For this bagpipe lesson Pipe Major Bill Robertson explains playing the tune O'er the Bows to Ballindalloch
. Bill breaks the lesson down into sections with commentary for each section.
First part: Observe four beats to the bar all the way through. Pay good attention to each full beat high A quarter note before executing the next beat with the grip on dotted high A and held well as for almost all dotted notes followed by a relatively very short F yet clearly.
The first bar and third bars third to fourth beat two very short notes one after the other should have a slight relaxation on the D first of the two, then clear high G grace note on the shorter E in practice to the long dotted F. Note similarly successive two short notes again in the four bar, F and B. Feel subtly the first beat in each bar just in your mind to help with the controlled regular bouncing rhythm of the dance without being overdone. All as demonstrated in the audio and video.
Second part: This is more straightforward in paying attention to the relatively good duration on the dotted notes and clear very short notes without hacking, especially the short B and low A beginning of bars one and three as in the audio and video.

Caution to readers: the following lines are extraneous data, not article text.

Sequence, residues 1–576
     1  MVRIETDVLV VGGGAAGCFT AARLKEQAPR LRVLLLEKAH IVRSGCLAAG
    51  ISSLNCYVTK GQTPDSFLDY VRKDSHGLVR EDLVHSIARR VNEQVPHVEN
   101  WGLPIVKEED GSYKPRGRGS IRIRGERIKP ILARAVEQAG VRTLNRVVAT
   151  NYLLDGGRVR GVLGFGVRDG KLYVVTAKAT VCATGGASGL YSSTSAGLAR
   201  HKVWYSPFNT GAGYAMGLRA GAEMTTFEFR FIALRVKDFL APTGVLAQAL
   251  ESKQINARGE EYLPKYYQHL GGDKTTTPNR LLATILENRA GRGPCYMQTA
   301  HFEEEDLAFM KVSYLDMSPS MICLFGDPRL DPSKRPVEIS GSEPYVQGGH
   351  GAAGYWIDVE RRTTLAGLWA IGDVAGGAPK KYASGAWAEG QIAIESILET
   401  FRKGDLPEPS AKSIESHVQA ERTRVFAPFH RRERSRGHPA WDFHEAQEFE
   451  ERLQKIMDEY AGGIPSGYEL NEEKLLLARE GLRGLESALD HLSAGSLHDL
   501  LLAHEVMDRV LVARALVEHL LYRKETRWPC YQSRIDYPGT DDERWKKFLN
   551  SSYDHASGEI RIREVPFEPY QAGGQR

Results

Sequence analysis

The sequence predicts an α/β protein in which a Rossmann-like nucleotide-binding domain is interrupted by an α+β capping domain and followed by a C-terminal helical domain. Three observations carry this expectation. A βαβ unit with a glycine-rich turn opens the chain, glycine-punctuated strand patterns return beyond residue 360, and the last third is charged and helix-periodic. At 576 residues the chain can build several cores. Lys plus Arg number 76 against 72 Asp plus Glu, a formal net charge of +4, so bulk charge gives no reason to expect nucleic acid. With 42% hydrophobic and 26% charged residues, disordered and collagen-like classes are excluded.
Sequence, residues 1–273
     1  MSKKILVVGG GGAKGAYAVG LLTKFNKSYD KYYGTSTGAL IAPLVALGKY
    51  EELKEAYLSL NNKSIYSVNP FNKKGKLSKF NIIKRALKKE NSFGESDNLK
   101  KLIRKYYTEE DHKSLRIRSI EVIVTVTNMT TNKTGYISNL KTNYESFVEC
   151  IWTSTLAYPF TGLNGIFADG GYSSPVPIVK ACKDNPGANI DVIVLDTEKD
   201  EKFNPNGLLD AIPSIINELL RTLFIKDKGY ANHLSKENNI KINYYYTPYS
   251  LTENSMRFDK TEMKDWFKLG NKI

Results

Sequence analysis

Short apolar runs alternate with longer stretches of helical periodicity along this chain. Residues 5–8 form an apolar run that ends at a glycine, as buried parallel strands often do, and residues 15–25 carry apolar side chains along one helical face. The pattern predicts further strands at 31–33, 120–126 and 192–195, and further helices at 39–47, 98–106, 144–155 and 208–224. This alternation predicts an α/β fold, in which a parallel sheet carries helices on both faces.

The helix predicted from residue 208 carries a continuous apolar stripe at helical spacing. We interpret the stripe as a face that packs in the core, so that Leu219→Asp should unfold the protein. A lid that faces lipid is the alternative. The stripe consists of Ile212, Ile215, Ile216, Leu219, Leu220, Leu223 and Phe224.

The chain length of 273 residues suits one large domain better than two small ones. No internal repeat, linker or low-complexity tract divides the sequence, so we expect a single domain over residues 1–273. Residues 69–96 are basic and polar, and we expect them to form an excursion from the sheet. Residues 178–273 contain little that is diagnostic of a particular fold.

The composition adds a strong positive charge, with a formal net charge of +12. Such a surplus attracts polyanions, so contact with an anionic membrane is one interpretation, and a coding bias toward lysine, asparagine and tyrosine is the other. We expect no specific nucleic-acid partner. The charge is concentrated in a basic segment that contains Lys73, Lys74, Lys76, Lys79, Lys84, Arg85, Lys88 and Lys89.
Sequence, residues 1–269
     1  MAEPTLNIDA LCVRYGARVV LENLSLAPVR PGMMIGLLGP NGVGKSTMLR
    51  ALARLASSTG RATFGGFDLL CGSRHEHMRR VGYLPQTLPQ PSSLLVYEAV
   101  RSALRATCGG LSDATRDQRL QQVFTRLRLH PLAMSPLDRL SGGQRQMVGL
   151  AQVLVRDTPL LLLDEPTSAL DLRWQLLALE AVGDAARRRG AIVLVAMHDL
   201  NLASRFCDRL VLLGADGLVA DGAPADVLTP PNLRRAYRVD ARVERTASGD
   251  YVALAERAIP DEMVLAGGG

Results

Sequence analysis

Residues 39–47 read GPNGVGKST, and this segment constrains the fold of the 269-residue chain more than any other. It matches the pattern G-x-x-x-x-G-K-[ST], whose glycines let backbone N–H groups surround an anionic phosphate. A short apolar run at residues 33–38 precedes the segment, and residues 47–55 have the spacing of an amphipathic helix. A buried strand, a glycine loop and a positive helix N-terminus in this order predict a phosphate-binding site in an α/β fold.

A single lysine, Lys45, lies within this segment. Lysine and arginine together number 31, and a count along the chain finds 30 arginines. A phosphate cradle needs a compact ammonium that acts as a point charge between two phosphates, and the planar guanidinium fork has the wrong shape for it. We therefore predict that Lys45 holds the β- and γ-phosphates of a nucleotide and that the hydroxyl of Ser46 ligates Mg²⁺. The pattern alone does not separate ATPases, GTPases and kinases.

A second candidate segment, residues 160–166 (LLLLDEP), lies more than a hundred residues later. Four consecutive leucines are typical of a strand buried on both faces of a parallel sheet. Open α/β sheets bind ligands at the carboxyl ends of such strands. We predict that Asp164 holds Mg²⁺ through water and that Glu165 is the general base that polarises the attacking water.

This is a bagpipe lesson for the tune O'er the Bows to Ballindalloch a traditional strathspey. I think it can be safely assumed that it is named after Ballindalloch Castle. O'er (over) the Bows might mean over the countryside to the castle and region rather than over water as might be imagined.
Located in the Speyside, Ballindalloch is one of the famous castles in Scotland. Occupied by the MacPherson-Grant family continuously since 1546, surrounded by magnificent hills, with the waters of the Rivers Avon and Spey flowing through its grounds, it is in close proximity to the famous whisky distilleries of Glenfiddich, Glenlivet, Cragganmore and Glenfarclas.
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